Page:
Why are universities and hospitals tax-exempt? It seems really screwy to me, and it's part of the reason the city has such money trouble. | You Had to Ask | Pittsburgh | Pittsburgh City Paper

Why are universities and hospitals tax-exempt? It seems really screwy to me, and it's part of the reason the city has such money trouble.

Question submitted by: Bill Crane, South Hills

UPMC gobbles up competitors like it was run by the Rockefeller family, and if colleges were businesses, somebody would have complained about them to the Better Business Bureau. First, they target impressionable youth with campuses that look like hybrids between shopping-mall food courts and Bally's gyms. Only when the hapless students start racking up student loans do they discover the bait-and-switch: If they don't like the school, it's almost impossible to transfer your credits elsewhere. Many end up working for the college in "work-study" programs, essentially paying the school in order to work there.


Yet such behavior isn't just permitted but encouraged by state law, which exempts colleges and other non-profits from taxes. Why?


You're not the first person to ask. Attorney Ira Weiss, who is the solicitor for the Pittsburgh Public Schools and a long-time critic of the state's approach to tax-exempts, took non-profits to court repeatedly in an attempt to wring tax dollars from them. "Our challenge was that CEOs were paid salaries and compensation more indicative of for-profit corporations, that these institutions did little or nothing free, that they competed directly with private businesses," he says. You could argue that none of that has changed, but as Weiss muses, "I guess we were too successful." In 1997, after lawsuits filed by Weiss and others rolled back some tax-exempts, the state legislature passed the "Institutions for Purely Public Charity Act," which changed the rules of the game.


On the surface, the bill seems fairly innocuous. For example, it says that to be tax-exempt, an institution must serve a "purpose which is recognized as important and beneficial to the public," and "donate... a substantial portion of its services." And it "must operate entirely free from private profit motive"; for example, the salary of its officers must not be "based primarily upon the financial performance of the institution." (US Airways practically qualifies as a charity in this sense, since whatever else they were -- lucrative, absurd -- the salaries of its officers weren't based on the performance of their employer.)


Jim Redmond, a spokesman for the state's hospital association, says "Pennsylvania's law is kind of unique in that it lays out criteria that all non-profits must meet," to enjoy tax-exempt status. "Other states tend to be far more broad." But even if the law is more specific, cities get less from non-profits than they used to. In the old days, a town or school district could shake down non-profits by threatening to challenge their tax-exempt status in court. In order to ward off the challenge, non-profits would enter into "payment in lieu of taxes" (PILOT) agreements. But since the Act has passed, Weiss says, "There's no reason for a large non-profit to make a PILOT agreement today. They get a 'get out of jail free' card." Nowadays, he contends, "a hospital can charge you $6,000 for an ear-cleaning, and if the insurance pays only $400 for the procedure, they write off the rest of it as 'free care.' It's all accounting tricks." Before the Act was passed, Pittsburgh took in a few million dollars from tax-exempts; now it gets only a few hundred thousand.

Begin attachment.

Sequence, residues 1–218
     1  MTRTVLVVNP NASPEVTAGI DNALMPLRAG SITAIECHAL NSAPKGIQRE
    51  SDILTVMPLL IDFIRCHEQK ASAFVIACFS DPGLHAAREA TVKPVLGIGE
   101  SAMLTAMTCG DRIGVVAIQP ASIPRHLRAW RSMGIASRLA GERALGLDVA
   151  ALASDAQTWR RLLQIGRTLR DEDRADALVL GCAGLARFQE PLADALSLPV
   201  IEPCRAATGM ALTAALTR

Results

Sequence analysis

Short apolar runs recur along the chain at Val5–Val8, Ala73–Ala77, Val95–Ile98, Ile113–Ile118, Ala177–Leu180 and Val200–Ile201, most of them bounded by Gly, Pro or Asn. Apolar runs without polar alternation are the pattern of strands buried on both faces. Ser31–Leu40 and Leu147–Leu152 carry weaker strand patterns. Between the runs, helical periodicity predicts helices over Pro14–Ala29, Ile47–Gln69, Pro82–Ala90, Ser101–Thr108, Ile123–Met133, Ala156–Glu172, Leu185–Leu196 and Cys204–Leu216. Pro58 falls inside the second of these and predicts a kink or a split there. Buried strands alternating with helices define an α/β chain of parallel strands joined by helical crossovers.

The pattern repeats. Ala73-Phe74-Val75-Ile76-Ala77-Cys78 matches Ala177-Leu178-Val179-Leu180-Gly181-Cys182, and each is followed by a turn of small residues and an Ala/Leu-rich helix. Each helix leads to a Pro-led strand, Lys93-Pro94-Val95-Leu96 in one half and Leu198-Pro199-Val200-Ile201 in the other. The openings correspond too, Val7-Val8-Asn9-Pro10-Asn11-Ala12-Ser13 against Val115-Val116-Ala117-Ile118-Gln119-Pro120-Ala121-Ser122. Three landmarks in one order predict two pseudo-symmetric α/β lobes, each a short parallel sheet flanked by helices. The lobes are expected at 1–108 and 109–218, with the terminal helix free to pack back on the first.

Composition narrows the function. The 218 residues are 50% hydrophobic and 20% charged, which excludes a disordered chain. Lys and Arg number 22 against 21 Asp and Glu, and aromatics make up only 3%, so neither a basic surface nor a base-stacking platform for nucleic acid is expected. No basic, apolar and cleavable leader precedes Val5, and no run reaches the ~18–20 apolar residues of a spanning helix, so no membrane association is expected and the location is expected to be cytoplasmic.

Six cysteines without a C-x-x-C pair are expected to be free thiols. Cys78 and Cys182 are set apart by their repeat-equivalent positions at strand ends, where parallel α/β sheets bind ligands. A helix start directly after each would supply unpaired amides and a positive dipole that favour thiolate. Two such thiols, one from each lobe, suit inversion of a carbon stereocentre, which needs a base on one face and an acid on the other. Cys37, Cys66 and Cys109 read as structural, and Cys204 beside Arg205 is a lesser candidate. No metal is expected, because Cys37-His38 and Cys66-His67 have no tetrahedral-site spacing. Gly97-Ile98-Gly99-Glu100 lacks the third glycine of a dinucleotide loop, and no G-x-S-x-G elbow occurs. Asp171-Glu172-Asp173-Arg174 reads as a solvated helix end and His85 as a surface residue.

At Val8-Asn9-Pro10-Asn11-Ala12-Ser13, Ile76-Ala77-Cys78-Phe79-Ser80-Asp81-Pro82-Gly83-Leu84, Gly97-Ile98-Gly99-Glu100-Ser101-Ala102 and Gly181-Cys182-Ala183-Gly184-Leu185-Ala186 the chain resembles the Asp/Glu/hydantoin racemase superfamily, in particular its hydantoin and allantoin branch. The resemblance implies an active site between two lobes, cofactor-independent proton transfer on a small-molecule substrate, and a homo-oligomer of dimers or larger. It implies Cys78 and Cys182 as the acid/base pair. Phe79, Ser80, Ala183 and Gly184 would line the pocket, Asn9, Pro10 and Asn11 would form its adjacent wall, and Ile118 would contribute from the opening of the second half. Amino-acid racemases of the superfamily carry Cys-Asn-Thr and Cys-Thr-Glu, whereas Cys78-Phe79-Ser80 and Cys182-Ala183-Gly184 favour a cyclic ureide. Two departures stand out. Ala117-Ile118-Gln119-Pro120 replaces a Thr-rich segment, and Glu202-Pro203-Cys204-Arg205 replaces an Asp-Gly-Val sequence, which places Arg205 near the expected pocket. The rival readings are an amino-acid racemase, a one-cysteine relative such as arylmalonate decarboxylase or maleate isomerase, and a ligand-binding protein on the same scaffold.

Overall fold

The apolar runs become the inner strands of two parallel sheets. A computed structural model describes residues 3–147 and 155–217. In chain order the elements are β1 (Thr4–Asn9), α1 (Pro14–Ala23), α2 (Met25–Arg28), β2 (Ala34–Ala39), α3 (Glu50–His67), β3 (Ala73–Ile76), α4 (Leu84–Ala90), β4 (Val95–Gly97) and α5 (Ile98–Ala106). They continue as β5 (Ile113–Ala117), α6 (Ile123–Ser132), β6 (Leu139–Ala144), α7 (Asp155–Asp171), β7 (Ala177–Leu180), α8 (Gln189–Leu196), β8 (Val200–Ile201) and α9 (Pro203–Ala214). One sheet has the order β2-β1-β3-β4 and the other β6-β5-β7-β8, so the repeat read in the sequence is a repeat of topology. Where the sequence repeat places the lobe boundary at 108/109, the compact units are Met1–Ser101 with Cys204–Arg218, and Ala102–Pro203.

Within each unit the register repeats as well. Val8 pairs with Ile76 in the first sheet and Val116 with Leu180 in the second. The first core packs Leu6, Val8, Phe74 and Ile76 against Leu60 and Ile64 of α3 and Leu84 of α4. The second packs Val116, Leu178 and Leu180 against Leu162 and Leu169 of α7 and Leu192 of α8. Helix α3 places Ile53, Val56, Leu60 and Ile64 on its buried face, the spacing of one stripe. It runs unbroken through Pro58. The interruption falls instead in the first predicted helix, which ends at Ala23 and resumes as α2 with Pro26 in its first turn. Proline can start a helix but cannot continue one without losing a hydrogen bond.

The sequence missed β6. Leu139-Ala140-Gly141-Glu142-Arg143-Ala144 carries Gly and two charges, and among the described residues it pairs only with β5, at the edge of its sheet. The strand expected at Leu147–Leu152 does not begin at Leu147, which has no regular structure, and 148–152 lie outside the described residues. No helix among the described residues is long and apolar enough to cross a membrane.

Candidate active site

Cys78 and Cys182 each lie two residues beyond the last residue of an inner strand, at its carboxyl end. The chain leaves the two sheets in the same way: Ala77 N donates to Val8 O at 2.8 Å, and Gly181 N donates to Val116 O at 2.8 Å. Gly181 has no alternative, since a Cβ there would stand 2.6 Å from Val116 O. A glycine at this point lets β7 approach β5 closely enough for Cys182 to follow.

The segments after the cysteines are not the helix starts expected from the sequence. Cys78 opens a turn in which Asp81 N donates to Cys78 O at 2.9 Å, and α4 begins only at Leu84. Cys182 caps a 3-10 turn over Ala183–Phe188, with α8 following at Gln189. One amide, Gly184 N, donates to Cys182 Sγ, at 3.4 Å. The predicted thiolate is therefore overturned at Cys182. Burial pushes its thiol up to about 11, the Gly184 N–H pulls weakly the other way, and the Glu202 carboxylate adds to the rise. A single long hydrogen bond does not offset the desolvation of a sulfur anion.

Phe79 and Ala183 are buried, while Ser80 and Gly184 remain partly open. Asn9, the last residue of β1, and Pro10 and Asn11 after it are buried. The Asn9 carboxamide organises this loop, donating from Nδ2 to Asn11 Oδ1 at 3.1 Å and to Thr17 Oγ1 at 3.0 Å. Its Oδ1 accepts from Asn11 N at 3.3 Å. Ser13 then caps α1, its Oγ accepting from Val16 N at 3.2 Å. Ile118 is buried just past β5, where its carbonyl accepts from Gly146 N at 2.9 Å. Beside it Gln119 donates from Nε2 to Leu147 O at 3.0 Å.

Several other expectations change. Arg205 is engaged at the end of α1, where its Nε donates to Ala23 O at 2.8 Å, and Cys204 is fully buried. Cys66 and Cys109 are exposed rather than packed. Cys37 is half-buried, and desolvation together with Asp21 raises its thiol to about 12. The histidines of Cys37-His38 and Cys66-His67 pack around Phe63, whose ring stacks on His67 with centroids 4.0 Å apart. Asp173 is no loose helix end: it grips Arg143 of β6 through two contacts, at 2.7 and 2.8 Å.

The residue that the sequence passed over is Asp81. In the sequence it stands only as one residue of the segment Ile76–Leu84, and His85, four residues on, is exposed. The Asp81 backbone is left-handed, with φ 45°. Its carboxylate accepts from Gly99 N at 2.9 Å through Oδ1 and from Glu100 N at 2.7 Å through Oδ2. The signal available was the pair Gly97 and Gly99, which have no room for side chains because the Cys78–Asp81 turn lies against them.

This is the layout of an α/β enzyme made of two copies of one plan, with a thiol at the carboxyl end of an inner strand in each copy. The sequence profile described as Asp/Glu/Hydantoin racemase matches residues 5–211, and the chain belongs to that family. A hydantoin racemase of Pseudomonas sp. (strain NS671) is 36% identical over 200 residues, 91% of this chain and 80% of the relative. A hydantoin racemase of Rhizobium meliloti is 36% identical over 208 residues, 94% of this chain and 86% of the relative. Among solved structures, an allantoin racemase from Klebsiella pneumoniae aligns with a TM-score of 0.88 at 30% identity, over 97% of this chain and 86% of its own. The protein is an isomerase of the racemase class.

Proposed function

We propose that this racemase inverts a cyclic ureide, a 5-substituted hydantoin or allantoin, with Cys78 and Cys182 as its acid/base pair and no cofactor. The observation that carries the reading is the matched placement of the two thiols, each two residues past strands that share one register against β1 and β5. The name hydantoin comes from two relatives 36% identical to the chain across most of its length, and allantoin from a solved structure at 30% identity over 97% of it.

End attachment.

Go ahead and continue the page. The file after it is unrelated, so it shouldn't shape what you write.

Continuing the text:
Redmond understands why someone still paying off school loans from the University of Pittsburgh, say, might look at the $400,000 salary of the school's chancellor and ask who the real charity case was. "Often it can be very confusing as to why should I as a person who makes ends meet pay taxes, whereas a large entity like UPMC or Carnegie Mellon somehow doesn't have to," he admits. But, "I think the fundamental philosophy is embedded in the American belief that government shouldn't run everything, and in order to promote that, tax-exempt status is granted."


Indeed, the preamble of the public-charity act asserts that charities "lessen the burden of government," and it sure seems to be working in Pittsburgh. The charities provide services that government might otherwise be expected to, and the fact that these institutions don't pay taxes reduces other government services as well. Like providing garbage collection, swimming pools, rec centers and fire protection.


Be sure to thank them.

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